Notes from St.ART Delhi @Shahpur Jat

shahpur card collage (rohanpatankar)

street (noun)

a public road in a city or town, typically with houses and buildings on one or both sides.

art (noun)

the expression or application of human creative skill and imagination, typically in a visual form such as painting or sculpture, producing works to be appreciated primarily for their beauty or emotional power.

street art

an umbrella term defining forms of visual art created in public locations, usually unsanctioned artwork executed outside of the context of traditional art venues

St.ART Delhi is the India’s largest Street Art Festival, that in early 2014 invited over twenty artists from around the world to come and paint the town red, quite literally so. The 6 week long festival’s first stop was at the urban village of Shahpur Jat. The folks at St.ART gave us the opportunity to string together narratives from various facets of the festival into a curated walk, . Excited much, we began by going back to our ‘history of architecture’ lessons from architecture school and simultaneously, began speaking to the artists ‘on site’ to get their perspectives.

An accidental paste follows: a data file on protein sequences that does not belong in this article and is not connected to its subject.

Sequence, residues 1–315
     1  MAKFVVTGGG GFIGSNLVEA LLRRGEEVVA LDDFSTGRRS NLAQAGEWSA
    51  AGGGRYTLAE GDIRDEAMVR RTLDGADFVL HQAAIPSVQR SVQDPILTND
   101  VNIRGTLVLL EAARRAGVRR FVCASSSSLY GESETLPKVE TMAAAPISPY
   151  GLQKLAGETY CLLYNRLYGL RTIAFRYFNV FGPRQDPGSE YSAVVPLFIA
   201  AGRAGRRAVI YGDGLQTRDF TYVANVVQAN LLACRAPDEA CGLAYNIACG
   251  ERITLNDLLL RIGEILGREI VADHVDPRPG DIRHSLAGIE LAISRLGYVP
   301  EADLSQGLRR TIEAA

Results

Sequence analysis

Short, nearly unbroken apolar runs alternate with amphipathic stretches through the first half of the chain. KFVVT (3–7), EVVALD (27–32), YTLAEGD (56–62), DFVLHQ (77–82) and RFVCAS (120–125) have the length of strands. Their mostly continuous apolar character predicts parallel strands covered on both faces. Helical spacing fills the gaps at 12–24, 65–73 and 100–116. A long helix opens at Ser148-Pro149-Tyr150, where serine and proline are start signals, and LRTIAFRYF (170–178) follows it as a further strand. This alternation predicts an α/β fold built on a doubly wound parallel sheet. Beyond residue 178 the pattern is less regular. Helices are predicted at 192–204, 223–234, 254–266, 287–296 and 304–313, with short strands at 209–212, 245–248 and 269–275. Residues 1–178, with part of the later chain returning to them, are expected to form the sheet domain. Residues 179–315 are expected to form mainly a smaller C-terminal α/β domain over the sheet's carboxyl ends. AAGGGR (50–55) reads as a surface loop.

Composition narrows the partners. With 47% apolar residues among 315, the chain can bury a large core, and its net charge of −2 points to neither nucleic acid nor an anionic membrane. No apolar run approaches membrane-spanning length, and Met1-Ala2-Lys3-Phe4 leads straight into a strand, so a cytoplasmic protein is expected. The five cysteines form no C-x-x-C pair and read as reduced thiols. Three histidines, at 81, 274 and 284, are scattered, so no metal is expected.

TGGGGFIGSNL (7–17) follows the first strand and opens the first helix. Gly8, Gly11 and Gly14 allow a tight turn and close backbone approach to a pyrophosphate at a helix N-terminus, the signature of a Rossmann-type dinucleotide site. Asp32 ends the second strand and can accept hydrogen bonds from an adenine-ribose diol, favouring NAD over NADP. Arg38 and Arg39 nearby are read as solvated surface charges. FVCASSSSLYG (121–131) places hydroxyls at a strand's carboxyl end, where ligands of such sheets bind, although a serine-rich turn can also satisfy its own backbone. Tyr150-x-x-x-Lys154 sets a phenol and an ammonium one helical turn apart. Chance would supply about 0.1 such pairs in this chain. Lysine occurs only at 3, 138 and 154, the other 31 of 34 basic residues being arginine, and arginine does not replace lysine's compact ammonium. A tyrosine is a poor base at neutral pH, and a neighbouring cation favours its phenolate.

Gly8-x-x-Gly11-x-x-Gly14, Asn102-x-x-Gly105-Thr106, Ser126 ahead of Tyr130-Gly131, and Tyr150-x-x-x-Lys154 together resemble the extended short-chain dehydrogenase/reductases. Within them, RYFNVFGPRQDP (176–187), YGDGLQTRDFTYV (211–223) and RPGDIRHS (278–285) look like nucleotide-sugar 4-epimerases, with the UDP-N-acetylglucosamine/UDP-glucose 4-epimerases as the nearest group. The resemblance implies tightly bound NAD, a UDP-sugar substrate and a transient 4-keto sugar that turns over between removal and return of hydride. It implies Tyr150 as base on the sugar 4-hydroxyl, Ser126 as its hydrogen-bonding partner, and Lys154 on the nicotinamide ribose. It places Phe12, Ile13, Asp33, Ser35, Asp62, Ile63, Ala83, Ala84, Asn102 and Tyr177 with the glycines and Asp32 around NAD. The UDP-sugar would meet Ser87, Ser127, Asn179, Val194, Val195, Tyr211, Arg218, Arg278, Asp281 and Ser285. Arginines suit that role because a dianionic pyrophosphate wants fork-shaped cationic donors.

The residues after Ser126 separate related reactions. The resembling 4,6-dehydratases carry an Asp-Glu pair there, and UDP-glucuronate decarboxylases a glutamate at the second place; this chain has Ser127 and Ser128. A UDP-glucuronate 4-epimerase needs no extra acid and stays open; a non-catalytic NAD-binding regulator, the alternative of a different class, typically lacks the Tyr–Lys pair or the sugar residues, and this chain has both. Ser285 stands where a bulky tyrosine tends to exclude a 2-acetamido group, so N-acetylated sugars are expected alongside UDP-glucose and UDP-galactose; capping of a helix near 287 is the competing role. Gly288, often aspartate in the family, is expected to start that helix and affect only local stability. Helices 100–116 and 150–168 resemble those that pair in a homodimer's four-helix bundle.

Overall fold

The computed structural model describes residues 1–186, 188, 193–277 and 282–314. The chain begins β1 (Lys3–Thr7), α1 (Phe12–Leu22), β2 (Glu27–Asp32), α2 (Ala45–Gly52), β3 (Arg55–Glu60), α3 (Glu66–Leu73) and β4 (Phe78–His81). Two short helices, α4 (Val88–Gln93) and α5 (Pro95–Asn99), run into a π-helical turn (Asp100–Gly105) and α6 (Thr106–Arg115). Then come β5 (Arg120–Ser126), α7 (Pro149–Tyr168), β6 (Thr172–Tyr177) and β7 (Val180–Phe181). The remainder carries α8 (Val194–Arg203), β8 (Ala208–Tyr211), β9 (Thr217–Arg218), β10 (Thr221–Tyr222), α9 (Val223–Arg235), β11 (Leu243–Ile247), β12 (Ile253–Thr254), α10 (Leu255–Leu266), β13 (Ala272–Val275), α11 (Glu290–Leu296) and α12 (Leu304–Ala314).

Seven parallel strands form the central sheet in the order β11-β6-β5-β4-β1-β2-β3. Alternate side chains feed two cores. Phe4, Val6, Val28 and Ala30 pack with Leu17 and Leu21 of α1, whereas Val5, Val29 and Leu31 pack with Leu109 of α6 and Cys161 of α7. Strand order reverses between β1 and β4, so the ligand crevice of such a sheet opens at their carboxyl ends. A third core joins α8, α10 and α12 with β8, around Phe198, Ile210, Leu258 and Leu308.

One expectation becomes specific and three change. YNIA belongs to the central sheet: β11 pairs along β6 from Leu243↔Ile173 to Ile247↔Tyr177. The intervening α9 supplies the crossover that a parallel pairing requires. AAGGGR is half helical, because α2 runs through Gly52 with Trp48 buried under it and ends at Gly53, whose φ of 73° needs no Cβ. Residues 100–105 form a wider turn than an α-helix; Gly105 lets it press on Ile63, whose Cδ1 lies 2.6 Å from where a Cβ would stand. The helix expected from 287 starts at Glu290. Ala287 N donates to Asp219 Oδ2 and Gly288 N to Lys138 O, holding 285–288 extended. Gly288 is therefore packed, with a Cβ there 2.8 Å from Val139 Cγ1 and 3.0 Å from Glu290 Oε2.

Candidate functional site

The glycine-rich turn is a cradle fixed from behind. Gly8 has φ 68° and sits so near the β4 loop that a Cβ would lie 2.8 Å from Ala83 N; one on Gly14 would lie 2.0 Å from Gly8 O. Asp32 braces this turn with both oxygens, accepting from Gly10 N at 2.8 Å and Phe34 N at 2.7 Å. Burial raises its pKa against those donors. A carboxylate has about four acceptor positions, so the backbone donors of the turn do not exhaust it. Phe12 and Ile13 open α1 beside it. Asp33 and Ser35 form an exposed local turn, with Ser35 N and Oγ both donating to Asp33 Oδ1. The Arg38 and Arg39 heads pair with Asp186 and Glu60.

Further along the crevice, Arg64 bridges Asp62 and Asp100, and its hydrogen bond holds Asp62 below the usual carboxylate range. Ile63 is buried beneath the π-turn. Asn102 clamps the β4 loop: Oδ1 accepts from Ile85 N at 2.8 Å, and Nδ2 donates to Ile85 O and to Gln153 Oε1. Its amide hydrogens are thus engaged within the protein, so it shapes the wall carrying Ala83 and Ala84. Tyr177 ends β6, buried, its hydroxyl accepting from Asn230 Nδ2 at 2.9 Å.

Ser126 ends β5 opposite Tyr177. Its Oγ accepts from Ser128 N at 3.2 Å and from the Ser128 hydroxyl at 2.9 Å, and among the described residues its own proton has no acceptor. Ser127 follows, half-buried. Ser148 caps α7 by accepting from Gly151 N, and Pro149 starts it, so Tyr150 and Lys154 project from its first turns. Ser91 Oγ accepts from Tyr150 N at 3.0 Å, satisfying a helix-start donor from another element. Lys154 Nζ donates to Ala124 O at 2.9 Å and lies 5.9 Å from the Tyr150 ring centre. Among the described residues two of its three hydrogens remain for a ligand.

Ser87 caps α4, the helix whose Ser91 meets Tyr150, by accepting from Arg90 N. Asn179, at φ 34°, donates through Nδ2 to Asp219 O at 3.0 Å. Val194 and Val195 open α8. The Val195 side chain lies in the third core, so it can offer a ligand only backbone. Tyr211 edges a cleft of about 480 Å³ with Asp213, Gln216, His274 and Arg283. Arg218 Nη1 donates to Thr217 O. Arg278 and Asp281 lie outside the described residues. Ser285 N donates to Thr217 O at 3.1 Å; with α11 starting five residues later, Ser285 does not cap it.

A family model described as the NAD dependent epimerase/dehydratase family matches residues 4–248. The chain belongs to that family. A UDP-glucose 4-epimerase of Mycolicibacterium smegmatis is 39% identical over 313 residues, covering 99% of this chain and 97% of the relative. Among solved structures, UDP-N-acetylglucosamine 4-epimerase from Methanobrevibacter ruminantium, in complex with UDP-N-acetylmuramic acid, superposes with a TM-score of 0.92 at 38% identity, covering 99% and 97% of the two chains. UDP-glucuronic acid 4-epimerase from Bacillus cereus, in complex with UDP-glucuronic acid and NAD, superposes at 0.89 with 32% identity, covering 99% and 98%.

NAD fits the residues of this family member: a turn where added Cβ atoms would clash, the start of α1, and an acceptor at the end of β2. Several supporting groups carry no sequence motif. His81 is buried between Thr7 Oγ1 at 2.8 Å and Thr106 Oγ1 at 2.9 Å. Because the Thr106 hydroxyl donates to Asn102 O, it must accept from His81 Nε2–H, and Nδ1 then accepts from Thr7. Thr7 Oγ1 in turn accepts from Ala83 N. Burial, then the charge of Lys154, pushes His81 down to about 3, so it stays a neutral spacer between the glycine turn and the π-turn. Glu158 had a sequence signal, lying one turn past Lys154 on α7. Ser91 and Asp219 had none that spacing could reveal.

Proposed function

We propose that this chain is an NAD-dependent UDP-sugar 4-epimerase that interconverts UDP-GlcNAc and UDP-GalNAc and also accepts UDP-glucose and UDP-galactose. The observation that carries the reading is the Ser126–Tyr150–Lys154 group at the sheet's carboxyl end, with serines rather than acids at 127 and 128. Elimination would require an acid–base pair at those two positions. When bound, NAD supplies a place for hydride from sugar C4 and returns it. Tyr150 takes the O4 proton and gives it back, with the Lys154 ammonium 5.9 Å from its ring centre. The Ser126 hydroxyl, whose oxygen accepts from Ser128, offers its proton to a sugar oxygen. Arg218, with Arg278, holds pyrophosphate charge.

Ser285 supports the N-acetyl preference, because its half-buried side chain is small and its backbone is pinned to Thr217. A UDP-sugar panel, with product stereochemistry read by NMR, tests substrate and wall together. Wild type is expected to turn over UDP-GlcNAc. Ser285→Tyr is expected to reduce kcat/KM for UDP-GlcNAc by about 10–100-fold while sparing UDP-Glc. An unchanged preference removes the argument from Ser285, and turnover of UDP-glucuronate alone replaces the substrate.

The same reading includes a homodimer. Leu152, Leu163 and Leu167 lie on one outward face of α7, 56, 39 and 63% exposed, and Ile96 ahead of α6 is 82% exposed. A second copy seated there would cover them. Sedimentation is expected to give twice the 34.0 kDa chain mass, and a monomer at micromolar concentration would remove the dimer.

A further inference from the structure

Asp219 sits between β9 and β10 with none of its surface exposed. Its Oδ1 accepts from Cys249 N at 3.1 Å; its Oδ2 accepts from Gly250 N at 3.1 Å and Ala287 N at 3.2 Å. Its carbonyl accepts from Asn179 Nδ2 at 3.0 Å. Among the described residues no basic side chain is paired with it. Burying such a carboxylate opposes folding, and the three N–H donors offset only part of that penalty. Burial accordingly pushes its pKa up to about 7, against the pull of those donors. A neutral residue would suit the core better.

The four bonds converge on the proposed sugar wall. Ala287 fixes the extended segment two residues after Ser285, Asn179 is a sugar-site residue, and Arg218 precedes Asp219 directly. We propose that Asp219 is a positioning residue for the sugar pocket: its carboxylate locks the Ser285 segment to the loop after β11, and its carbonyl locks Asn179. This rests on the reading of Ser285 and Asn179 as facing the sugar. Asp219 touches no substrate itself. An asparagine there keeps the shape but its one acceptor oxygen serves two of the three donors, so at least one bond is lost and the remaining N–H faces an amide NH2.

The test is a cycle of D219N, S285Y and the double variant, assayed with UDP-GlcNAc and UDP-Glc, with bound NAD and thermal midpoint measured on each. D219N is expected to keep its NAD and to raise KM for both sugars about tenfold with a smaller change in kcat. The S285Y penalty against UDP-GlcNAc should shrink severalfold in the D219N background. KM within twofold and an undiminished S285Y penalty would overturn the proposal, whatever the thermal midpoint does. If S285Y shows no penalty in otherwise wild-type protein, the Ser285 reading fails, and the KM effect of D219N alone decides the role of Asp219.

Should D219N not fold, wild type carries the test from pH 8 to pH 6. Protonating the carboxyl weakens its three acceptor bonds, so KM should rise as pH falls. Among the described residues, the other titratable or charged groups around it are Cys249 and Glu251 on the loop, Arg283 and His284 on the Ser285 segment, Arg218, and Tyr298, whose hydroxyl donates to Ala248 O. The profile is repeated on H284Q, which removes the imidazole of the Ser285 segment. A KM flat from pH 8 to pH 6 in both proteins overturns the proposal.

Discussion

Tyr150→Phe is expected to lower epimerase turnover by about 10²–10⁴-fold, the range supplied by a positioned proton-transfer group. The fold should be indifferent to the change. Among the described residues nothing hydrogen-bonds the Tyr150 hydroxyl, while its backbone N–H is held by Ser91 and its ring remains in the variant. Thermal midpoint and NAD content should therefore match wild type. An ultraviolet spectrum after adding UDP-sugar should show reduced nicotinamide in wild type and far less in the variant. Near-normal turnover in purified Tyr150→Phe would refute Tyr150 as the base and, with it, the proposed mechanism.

The peeps at the festival really meant it when they said they were intervening in Shahpur Jat, in the thick of the urban village. This is not the area that most people who are reading this post have seen; not the Fender Academy, not the Wishing Chair, not the Dada Jungi House lane. This was the much larger yet hidden ‘hinterland’, bustling and complex, strikingly different from the world outside it. The ‘outside’ is merely 200 metres beyond, marked by the August Kranti Marg, of the fairly new Delhi (especially in comparison to this 600 year old settlement). To the closely knit village community, this became a starting point for many a conversation- within itself and with the world outside.

Layers and intervention

While the street art became one more layer among the many layers that made the experience of the place, it also initiated a process that unearthed other buried layers. We began our wanderings and meanderings; understanding the workings and internal relationships between these many layers. The most visible among them are the ruined fortifications of the 14th century city of Siri and, in contrast, the many designer boutiques that have popped up along the outer periphery of the village, not so long ago.

We were equally curious about the ones less apparent, about why most of these houses have the title Panwar written on them, about how a certain specific corner shop selling tea and snacks would have all its signage and music playing  in Bangla, about the staggering number of sequins shops on every street and also about just how many prachin shiv mandirs there were in this village. In our two weeks of frequent study-on-ground (after our day jobs, of course), we slowly began to absorb these observations and aberrations and also began to understand that street art was intervening with these layers in ways beyond the obvious.